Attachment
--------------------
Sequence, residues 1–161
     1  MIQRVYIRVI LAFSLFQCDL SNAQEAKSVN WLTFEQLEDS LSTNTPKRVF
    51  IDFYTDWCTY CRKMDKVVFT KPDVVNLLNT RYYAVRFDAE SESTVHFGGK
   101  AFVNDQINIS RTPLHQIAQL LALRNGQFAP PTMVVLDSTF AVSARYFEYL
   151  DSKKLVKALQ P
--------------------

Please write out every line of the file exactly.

Sequence, residues 1–161
     1  MIQRVYIRVI LAFSLFQCDL SNAQEAKSVN WLTFEQLEDS LSTNTPKRVF
    51  IDFYTDWCTY CRKMDKVVFT KPDVVNLLNT RYYAVRFDAE SESTVHFGGK
   101  AFVNDQINIS RTPLHQIAQL LALRNGQFAP PTMVVLDSTF AVSARYFEYL
   151  DSKKLVKALQ P